The opinion of the court was delivered by: United States Magistrate Judge Alicia G. Rosenberg
MEMORANDUM OPINION AND ORDER
Hattie May Wells ("Wells") filed this action on August 12, 2010. Pursuant to 28 U.S.C. § 636(c), the parties consented to proceed before the magistrate judge on August 31 and September 14, 2010. (Dkt. Nos. 6, 7.) On April 13, 2011, the parties filed a Joint Stipulation ("JS") that addressed the disputed issues. The court has taken the matter under submission without oral argument.
Having reviewed the entire file, the court remands this matter to the Commissioner for proceedings consistent with this opinion.
PROCEDURAL BACKGROUND On May 28, 2008, Wells filed applications for disability insurance benefits and supplemental security income benefits alleging a disability onset date of August 4, 2007. Administrative Record ("AR") 12. The applications were denied initially and upon reconsideration. Id. Wells requested a hearing before an Administrative Law Judge ("ALJ"). On July 10, 2009, the ALJ conducted a hearing at which Wells testified. AR 12, 25-40. On November 23, 2009, the ALJ issued a decision denying benefits. AR 9-24. On July 17, 2010, the Appeals Council denied the request for review. AR 1-4. This action followed.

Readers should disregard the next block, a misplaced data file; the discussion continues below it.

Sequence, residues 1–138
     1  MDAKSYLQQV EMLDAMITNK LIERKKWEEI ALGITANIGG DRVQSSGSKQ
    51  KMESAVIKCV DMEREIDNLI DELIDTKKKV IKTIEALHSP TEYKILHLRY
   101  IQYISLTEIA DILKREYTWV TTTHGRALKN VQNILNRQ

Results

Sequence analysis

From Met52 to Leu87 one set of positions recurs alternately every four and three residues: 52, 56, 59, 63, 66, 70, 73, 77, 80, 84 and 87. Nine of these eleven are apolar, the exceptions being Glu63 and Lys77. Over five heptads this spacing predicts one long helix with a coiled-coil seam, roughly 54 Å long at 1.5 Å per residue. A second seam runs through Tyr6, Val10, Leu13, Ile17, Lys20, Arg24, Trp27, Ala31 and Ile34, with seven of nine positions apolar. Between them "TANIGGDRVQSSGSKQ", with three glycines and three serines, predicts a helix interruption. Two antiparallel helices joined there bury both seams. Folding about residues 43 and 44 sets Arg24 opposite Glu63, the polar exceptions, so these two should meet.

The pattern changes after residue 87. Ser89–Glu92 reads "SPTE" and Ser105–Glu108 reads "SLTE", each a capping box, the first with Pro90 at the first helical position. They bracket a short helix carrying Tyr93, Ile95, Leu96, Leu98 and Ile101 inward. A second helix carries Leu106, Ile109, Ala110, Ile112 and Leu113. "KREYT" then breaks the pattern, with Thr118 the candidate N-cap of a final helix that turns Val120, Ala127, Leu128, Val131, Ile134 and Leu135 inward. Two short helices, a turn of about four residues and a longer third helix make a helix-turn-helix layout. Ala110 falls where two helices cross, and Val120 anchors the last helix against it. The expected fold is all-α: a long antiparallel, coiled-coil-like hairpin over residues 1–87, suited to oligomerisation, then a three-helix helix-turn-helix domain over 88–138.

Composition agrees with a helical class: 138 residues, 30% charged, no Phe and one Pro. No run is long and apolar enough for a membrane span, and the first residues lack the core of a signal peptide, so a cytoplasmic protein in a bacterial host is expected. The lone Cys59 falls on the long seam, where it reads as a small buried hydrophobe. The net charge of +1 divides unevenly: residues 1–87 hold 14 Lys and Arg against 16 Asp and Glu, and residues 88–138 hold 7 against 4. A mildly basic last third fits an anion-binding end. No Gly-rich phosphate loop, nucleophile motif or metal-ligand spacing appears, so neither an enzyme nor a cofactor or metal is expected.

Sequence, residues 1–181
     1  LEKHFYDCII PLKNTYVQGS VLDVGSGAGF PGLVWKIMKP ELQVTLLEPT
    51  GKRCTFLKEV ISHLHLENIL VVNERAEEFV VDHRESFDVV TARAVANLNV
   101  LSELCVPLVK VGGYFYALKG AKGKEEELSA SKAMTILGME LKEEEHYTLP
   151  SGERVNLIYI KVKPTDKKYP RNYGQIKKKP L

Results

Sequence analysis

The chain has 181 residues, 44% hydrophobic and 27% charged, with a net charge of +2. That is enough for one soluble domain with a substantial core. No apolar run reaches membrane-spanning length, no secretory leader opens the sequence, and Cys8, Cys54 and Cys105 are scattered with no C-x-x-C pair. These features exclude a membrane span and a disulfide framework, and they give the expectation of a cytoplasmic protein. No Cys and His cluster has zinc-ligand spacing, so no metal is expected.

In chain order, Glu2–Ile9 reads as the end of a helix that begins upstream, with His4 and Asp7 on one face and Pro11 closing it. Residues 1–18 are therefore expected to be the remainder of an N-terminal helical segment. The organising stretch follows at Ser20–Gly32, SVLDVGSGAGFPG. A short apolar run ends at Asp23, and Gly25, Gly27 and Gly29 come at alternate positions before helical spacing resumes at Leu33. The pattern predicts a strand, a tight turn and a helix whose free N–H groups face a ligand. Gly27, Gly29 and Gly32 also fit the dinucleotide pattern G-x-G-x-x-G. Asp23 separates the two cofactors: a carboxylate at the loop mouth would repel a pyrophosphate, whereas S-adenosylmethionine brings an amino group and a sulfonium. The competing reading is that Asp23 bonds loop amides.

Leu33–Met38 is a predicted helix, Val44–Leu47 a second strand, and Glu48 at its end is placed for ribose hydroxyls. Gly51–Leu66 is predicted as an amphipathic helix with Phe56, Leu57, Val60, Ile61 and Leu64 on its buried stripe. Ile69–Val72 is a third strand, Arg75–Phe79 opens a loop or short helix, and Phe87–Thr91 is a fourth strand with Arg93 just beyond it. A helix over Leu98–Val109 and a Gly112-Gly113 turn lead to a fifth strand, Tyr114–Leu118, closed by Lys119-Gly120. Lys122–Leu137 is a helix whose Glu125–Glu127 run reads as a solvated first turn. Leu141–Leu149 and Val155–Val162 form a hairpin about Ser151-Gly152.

STANDARD OF REVIEW Pursuant to 42 U.S.C. § 405(g), this court reviews the Commissioner's decision to deny benefits. The decision will be disturbed only if it is not supported by substantial evidence, or if it is based upon the application of improper legal standards. Moncada v. Chater, 60 F.3d 521, 523 (9th Cir. 1995); Drouin v. Sullivan, 966 F.2d 1255, 1257 (9th Cir. 1992).
"Substantial evidence" means "more than a mere scintilla but less than a preponderance -- it is such relevant evidence that a reasonable mind might accept as adequate to support the conclusion." Moncada, 60 F.3d at 523. In determining whether substantial evidence exists to support the Commissioner's decision, the court examines the administrative record as a whole, considering adverse as well as supporting evidence. Drouin, 966 F.2d at 1257. When the evidence is susceptible to more than one rational interpretation, the court must defer to the Commissioner's decision. Moncada, 60 F.3d at 523.
A person qualifies as disabled, and thereby eligible for such benefits, "only if his physical or mental impairment or impairments are of such severity that he is not only unable to do his previous work but cannot, considering his age, education, and work experience, engage in any other kind of substantial gainful work which exists in the national economy." Barnhart v. Thomas, 540 U.S. 20, 21-22, 124 S. Ct. 376, 157 L. Ed. 2d 333 (2003).
The ALJ found that Wells met the insured status requirements through December 31, 2008. AR 14. Wells has the following severe combination of impairments: "mild degenerative disc disease of the lumbosacral spine, mild osteopenia and degenerative joint disease of the left knee, tricompartmental chondromalacia of the left knee, hyperlipidemia, hypertension, obesity, a history of gastroesophageal reflux disease, a history of mild diverticulitis and ...